But the biggest problem I had with the movie was that most of the subtitles are so low on the screen that you can’t even read them.  If I could’ve actually read some of what was going on, it MAY have been funnier to me, but I highly doubt it.  If that wasn’t bad enough, the music was stolen from A Nightmare on Elm Street. 




Director Jean (Zombie Lake) Rollin knows two things:  How to film naked women and how to film naked vampires.  Although the chick in this film isn’t a vampire in the traditional sense of the word, she drinks blood, hates sunlight and gets naked, which is enough for me. 


In fact, it only takes ONE minute for us to see her fully disrobed.  Not bad at all.  When we first see her, she’s getting shot up with a bunch of Kool-Aid into her arm before being chased around by a bunch of weird dudes in animal masks before being gunned down in cold blood.  So far so good. 


A wealthy playboy witnesses her death and tries to get his father to call the police but the old man warns him not to meddle in other people’s affairs, especially people who wear giant chicken masks and sport long flowing robes.  He can’t get the girl out of his mind though and sneaks into an Eyes Wide Shut style party where he witnesses the newly reborn hottie drink blood on stage.  He then loses it and blows away several cult members before hightailing it out of there.  Eventually the hooded cult members catch up to our hero and predictably, we learn that his pops is none other than the leader of the cult.  In the end, the hero finds true love with his vampire on the beach while a cultist proclaims, “There were never any vampires, but there ARE mutants!”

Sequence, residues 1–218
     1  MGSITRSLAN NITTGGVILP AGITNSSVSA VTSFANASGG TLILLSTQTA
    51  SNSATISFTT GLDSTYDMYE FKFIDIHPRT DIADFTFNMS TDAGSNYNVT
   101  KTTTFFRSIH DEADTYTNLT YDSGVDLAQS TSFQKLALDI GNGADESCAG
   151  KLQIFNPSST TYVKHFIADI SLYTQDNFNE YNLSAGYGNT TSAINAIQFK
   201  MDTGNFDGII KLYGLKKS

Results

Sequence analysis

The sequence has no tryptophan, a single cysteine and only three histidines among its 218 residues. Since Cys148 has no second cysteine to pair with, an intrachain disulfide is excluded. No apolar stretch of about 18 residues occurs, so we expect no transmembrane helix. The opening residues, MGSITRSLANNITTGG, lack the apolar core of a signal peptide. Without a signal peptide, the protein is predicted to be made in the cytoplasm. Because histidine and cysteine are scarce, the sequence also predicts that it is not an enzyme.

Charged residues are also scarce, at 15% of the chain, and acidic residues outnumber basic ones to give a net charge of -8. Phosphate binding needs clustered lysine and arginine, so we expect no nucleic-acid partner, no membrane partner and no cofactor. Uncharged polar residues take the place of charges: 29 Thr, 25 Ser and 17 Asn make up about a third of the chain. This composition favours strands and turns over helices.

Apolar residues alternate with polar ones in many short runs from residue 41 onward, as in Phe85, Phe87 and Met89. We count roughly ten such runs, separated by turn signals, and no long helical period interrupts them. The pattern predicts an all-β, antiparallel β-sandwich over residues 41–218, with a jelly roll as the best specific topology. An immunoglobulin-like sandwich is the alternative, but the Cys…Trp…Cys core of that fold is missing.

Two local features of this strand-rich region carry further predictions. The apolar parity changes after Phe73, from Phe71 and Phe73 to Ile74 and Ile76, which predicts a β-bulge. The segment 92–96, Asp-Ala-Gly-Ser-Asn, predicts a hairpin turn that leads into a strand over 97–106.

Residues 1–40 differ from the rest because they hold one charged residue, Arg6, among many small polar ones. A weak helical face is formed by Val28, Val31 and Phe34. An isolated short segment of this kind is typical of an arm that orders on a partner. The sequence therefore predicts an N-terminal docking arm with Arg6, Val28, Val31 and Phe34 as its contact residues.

One character asks, “Do you understand any of this?”  I had the same thought, but hey at least this movie features vampires in the nude, which almost makes it kinda worth it. 


Parts of The Nude Vampire seem like a silent surrealist movie.  There are long stretches of the film where nothing happens and no one says anything then something completely random will occur and it’ll make you go “HUH”?  While Rollin may lapse a half dozen times into dreary, artsy fartsy pretension, he keeps you watching with his trademark visual pizzazz, and of course, the copious amounts of female flesh on display.  Not only does the vampire get nude in this flick, but there are several other chicks who also drop their drawers too, like artist’s models, servant girls and strippers (although some of them wear pasties), which makes some of the film’s slower stretches seem downright forgivable.  Despite the presence of major boobage, this flick does move slower than a constipated turtle, so it’s highly recommended that you don’t watch this movie before you operate heavy machinery. 


The chick in this flick is a suitable prototype of the typical Rollin vampire.  She’s hot.  She drinks blood.  She wanders aimlessly around in see-thru lingerie like a lobotomy patient hopped up on Pop Rocks and Pepsi.  The movie itself is a lot like her character.  It’s totally vapid, but it’s nice to look at. 


The bland hero gets all the movie’s best lines like, “Who are the freaks who smile when they kill themselves?”


Suggested Drinking Game:  Take a shot every time someone fires a gun at an “immortal” cult member in vain. 


AKA:  The Naked Vampire.